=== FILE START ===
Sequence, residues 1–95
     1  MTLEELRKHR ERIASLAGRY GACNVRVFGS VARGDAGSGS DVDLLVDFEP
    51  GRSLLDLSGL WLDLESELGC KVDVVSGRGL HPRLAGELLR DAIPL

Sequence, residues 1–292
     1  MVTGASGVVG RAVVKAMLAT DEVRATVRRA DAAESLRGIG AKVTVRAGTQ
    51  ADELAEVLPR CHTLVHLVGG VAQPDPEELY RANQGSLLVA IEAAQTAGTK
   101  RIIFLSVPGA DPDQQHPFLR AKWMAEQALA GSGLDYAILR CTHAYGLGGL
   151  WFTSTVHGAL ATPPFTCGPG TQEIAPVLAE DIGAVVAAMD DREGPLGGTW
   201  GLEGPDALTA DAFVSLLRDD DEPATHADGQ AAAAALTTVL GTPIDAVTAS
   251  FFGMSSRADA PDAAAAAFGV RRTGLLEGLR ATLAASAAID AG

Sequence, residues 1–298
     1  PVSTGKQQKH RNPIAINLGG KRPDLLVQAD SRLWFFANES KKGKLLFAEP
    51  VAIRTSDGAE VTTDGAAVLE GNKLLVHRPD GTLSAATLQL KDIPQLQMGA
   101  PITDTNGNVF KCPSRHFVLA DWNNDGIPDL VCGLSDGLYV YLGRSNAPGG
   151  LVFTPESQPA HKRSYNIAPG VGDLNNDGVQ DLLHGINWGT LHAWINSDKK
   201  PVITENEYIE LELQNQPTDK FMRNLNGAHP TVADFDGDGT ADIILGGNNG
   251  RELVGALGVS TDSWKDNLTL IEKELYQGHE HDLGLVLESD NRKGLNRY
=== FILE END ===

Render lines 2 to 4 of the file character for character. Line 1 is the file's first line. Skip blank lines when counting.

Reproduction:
     1  MTLEELRKHR ERIASLAGRY GACNVRVFGS VARGDAGSGS DVDLLVDFEP
    51  GRSLLDLSGL WLDLESELGC KVDVVSGRGL HPRLAGELLR DAIPL

Sequence, residues 1–292